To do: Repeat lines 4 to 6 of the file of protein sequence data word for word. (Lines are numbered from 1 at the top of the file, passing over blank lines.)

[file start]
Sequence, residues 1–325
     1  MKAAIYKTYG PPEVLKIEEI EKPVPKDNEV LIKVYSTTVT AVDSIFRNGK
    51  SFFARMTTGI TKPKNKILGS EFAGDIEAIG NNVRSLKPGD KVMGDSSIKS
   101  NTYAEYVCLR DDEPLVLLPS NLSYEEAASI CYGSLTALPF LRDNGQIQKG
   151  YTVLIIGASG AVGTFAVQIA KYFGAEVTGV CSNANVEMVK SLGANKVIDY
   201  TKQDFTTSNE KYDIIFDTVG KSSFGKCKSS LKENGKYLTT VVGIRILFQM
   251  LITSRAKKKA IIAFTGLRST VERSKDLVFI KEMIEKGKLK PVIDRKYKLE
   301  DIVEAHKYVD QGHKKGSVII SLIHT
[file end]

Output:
   101  NTYAEYVCLR DDEPLVLLPS NLSYEEAASI CYGSLTALPF LRDNGQIQKG
   151  YTVLIIGASG AVGTFAVQIA KYFGAEVTGV CSNANVEMVK SLGANKVIDY
   201  TKQDFTTSNE KYDIIFDTVG KSSFGKCKSS LKENGKYLTT VVGIRILFQM